NAME: Fitzwilliam Darcy
ABOUT: If you are somewhere in your mid-thirties, or perhaps a little younger, or even a little older – in fact if you are female (or perhaps male) – actually you could be anyone of any age…….then the name Mr Darcy conjures up that image of maleness, grrrr'ness and a delicious bit of dark broodiness! I admit I had not read Pride and Prejudice, until after the BBC's drama starring the delightful Colin Firth (who of course also starred as Mark Darcy in the Bridget Jones films the first of which was rather loosely based upon the novel) as Fitzwilliam Darcy, and it is true to say that the two are not terribly alike, although I thought Firth captured the essence of Austin's writing of the character.
If most of us stopped our swooning over the “Darcy” long enough to g ive it a bit of thought, we would more than very likely find him a intolerable chauvinist, and ensure he drowned in that pond (a little harsh perhaps). But the fictional character plays into that little bit of many women, that “oh Mr Darcy” effec t.
SPOILER ALERT – if you have never read Pride & Prejudice, but think one day you might BEWARE the following gives away the plot!
In Pride and Prejudice, Fitzwilliam Darcy is the proprietor of a large estate in Derbyshire, known as Pemberly, and with a yearly income which exceeds the princely sum of £10,000 a year. He is a very wealthy gentleman, and therefore an extremely eligible bachelor! Elizabeth Bennett, the main protagonist, (and perhaps heroine!!) meets Mr Darcy at a ball, where he is rude refusing to dance with her and making remarks that she hears. But of course, the gruff, rude gentleman gradually becomes attracted to her, and attempts to woo her, unfortunately he is unable most of the time to hide his feelings of superiority, even objecting when his good friend Mr Bingley falls for Elizabeth's sister Jane, managing to persuade him she doesn’t reciprocate, thus ensuring initially that there is no marriage proposal…..so, so far we have a story of a thoroughly unlike-able character, who even when attempting to court Elizabeth manages to appear rude and unkind; and it is Elizabeth's discovery of Mr Darcy's disapproval and subsequent meddling, that ensures she rebuffs, and in fact, cannot really see his attraction to her or the slightly clumsy way in which he shows it. Add to the mix Mr Wickham a outwardly charming fellow who spins Elizabeth a sob story about his treatment from Mr Darcy and his family and the charming Miss Bennett really doesn’t like him much at all!
Of course the day has to come when Mr Darcy cannot stay quiet any longer and in a cringingly unromantic moment he not only declares his love for Elizabeth, and offers her his hand in marriage but reminds Elizabeth (who comes from a respectable but financially straitened family) also of the gap in their social status and his superiority to her. Unsurprisingly Elizabeth is offended and refuses him point blank, making sure he knows that she knows about the Jane/Bingley meddling and his apparent mistreatment of Mr Wickham. Mr Darcy being Mr Darcy, leaves angry and wounded, and that night pens a letter to Elizabeth explaining all of his motives, his feelings and tells Elizabeth the truth about Mr Wickham who had attempted among other misdoings to elope with Darcy's younger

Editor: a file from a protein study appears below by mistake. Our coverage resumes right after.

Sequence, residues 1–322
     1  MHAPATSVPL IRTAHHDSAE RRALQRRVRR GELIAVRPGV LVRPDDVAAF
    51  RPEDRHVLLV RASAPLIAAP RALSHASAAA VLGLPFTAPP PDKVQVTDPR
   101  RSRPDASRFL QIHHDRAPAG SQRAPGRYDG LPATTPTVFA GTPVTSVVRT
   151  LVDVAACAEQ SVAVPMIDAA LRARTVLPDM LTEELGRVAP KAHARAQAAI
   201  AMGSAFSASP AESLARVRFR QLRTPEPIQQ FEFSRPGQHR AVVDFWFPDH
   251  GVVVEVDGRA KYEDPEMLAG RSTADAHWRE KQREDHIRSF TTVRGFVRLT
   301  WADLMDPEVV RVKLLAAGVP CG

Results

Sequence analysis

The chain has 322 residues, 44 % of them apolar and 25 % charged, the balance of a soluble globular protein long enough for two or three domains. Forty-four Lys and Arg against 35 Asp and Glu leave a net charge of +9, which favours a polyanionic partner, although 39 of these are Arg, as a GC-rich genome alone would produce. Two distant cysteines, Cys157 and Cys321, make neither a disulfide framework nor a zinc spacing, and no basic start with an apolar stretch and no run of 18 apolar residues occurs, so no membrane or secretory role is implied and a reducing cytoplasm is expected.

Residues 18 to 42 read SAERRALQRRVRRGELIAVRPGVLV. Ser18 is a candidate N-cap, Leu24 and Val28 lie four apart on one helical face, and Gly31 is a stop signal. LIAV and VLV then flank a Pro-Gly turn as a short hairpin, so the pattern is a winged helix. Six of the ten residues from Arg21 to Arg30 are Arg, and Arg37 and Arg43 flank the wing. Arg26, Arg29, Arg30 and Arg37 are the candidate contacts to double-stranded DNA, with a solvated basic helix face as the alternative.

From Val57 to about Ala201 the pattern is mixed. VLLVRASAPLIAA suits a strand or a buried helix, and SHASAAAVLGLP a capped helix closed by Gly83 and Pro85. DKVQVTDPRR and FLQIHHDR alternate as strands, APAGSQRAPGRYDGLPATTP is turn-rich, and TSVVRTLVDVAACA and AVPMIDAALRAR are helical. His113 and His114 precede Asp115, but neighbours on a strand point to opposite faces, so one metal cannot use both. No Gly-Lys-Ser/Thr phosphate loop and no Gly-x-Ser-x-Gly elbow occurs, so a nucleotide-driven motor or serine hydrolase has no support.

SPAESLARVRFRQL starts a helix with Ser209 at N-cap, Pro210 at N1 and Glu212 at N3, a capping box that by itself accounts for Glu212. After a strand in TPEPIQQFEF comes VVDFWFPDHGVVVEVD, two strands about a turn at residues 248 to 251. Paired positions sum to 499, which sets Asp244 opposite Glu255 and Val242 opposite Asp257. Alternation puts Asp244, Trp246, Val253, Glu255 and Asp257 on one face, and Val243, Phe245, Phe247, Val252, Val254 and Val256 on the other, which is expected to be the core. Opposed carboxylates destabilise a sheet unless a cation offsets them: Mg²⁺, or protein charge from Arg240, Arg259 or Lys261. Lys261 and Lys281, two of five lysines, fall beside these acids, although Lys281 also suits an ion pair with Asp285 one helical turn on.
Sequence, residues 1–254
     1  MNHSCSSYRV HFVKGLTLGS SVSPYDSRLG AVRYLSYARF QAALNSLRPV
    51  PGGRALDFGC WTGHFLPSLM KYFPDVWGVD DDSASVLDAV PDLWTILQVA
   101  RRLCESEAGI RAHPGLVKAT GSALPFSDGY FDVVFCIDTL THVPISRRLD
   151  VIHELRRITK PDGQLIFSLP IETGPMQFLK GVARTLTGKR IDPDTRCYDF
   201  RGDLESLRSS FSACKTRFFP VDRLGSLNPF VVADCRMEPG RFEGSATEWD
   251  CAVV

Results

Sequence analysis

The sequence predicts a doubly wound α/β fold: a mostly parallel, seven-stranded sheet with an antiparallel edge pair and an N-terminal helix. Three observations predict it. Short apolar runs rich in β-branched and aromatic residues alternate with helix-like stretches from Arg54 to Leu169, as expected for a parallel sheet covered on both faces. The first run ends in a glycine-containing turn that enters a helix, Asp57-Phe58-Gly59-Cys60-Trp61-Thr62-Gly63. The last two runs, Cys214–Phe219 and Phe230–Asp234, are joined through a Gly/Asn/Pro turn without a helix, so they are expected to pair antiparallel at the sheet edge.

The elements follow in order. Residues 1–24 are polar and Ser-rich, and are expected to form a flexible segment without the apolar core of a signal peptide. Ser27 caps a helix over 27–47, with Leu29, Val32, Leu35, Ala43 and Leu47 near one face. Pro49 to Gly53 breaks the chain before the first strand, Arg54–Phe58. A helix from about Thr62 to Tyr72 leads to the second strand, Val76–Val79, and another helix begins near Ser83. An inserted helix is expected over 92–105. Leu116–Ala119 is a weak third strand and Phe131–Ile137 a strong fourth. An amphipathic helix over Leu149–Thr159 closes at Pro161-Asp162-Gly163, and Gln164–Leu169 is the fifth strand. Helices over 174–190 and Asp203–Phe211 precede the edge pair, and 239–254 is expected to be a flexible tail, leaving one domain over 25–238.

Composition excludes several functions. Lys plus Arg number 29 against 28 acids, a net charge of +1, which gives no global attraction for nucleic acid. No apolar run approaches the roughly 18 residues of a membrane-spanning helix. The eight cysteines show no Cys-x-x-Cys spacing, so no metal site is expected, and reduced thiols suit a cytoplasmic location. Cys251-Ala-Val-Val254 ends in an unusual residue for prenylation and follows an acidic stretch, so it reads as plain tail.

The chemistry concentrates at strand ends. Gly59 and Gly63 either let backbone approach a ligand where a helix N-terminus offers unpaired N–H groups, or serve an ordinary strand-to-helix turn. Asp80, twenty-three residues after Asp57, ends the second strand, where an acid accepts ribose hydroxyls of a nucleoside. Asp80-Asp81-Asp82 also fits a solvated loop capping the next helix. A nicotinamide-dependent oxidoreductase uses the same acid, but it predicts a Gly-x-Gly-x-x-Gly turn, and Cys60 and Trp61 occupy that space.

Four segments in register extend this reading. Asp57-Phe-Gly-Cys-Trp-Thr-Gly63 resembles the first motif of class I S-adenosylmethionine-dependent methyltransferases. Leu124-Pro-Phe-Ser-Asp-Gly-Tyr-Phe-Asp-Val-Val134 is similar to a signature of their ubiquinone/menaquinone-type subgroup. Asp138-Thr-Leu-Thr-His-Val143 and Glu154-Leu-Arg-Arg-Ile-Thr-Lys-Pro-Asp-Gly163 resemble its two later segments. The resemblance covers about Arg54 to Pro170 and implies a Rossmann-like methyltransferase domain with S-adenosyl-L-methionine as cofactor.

Up to now, those not initiated in the cult of Darcy, will of course be thinking what a horror of a man! But it is now in the book that we see the reincarnation of Mr Darcy, who after the initial anger and wounding of pride at Elizabeth's refusal and criticism dissipates, takes a bit of a look at himself and his behaviour, and almost as though seeing himself for the first time, discovers how others may perceive him and his actions – resolving to re-evaluate himself and the way he behaves!
Elizabeth meanwhile spends some time with her Aunt and Uncle, and as tourists they visit Darcy's estate Pemberly. Darcy is not expected to be there, and Elizabeth is initially embarrassed to see him, but of course she is faced with the new improved Mr Darcy, who behaves as a perfect gentleman towards her, and she is shocked and delighted at the kindness he shows towards both herself and her Aunt and Uncle.
But it is the actions of Mr Wickham, and Elizabeth's youngest sister, Lydia, that really seal the deal on this new and improved Mr Darcy. Lydia falls prey to the charms of the slippery Mr Wickham and they run off together, and it is Darcy who tracks them down, and ensures that Lydia marries the errant Mr Wickham to keep her family from social disgrace. It is Mr Darcy's attempts to keep Elizabeth from finding out his involvement that of course ingratiates him even more to the reader (and it is hinted that Darcy parts with a considerable amount of his own money to ensure the marriage and Lydia's respectability is preserved)!
The happy ending! Mr Darcy tells Mr Bingley of his meddling, releasing him to return to Longbourn to court Jane, Mr Darcy accompanies him and again proposes to the now very smitten Elizabeth who, of course, accepts and……..
they live happily ever after!
WHAT MAKES HIM RAZBERRY CANDY: Every female reader of Pride and Prejudice wants to be Elizabeth, and be responsible for the change in the man, all of us convinced we could also turn a dark and brooding man, who none the less has a heart in very much the right place, into the more sensitive and worthy version!